PSU partners with OpenStax to provide students with $2M worth of free textbooks

Stack of Books

Portland State University announced today it is one of 10 schools nationwide chosen to participate in the 2019-2020 OpenStax Institutional Partnership Program to encourage the use of free, peer-reviewed online textbooks on campus. 

PSU was chosen this summer to partner with OpenStax — a nonprofit ed-tech initiative at Rice University that provides open-licensed online textbooks — after a rigorous application process. 

PSU had to demonstrate a willingness to adopt open educational resources (OER). OER can be any type of educational materials that are free to use, adapt and share. For PSU and OpenStax, OER refers to online textbooks specifically. The average textbook cost, according to OpenStax data, is $79.37.

"Portland State is very proud to be one of 10 institutions included in the OpenStax Institutional Partnership Program that is designed to increase Open Education Resource adoption,” said Susan Jeffords, PSU provost and vice president for academic affairs. “PSU's ambitious goal for the OpenStax Partnership is to increase these savings to $2 million by 2021 because our students have identified reducing textbook costs as a priority for the coming year.”

The partnership with OpenStax is also part of an Open Education initiative, co-led by The Office of Academic Innovation and the Portland State Library, to put students’ learning first through cost-saving strategies, increasing inclusion efforts, and improving academic success. Open educational teaching practices allow for more diverse voices to engage in the learning experience and provide opportunities for faculty to collaborate with students to ensure the learning materials meet their students' needs. 

“We’re excited about the opportunity to work directly with faculty on impacting cost,” said Johannes De Gruyter, executive director of the Office of Academic Innovation, "while being creative with strategies that increase student engagement.”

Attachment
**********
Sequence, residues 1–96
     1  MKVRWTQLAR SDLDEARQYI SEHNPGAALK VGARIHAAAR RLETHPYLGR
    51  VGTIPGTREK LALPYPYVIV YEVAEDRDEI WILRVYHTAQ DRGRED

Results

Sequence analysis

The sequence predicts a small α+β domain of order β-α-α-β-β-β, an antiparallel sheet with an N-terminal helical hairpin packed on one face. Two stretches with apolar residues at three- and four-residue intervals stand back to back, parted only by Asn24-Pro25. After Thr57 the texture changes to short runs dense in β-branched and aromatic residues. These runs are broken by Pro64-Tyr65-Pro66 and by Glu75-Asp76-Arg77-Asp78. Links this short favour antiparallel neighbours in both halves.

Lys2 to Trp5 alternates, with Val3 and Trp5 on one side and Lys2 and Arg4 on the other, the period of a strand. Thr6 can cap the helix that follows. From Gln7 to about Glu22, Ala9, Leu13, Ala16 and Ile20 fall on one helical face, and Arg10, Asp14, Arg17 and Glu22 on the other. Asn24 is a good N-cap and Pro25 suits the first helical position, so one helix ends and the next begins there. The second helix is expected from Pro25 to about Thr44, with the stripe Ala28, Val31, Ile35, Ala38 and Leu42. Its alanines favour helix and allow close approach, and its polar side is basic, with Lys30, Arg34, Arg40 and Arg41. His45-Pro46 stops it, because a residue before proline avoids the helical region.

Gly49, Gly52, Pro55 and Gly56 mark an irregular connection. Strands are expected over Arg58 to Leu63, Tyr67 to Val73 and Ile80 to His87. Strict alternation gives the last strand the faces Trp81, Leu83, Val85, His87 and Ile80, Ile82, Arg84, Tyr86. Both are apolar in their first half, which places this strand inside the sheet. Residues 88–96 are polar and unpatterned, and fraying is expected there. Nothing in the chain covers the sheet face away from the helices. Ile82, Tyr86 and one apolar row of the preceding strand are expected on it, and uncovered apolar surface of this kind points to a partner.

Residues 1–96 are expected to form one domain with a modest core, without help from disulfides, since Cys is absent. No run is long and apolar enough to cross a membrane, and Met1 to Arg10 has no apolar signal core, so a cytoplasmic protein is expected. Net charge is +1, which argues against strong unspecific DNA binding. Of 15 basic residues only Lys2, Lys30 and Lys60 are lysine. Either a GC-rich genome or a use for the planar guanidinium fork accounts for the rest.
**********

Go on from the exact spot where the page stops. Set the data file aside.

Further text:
PSU faculty can get involved by redesigning courses to replace high cost course materials with OER, participating in Open Education learning communities, or authoring open-access textbooks.

Further, colleges will receive individualized consulting from OpenStax and join a cohort of schools advocating widespread use of OER at their schools. On average, colleges who join the open resources initiative as institutional partners increase the number of students impacted by OER by 158% after completing the first year of the program. To date, the program has resulted in $19.6 million dollars of additional student savings from OER nationwide.

“Increasing OER is one of my office's top goals for our Student Success commitments, so this grant couldn't be coming at a better time,” Jeffords said. “I'm excited about the campus-wide OER effort.” 

Open educational resources, including the free, peer-reviewed online textbooks offered by OpenStax, eliminate cost barriers for students and allow unrestricted, immediate access to learning materials, increasing the likelihood for students to complete their courses successfully. 

According to the 2017 Babson Survey, open resources are growing in popularity — almost 50% of faculty reported that they are aware of OER, and OpenStax textbooks are being adopted in introductory courses at rates that rival traditional books. 

PSU isn’t completely new to open-access textbooks. 

Tom Bielavitz, dean of the University Library, the library, for the last five years, has been working to expand student access to free textbooks through its open access textbook publishing program, PDXOpen. Faculty could apply for $2,500 grants to develop their own open-access textbook, but Bielavitz said many books authored through the program are on niche subjects. The OpenStax partnership will help refine and boost access.

“The goal is to expand our reach and make a greater impact,” he said.

Last year, OER offered through the library saved PSU students almost $400,000 in textbook costs, Jeffords said. This year, those savings increased to more than $634,000 with about 8,000 students utilizing the program. 

For more information on Portland State University’s open educational resource initiative, visit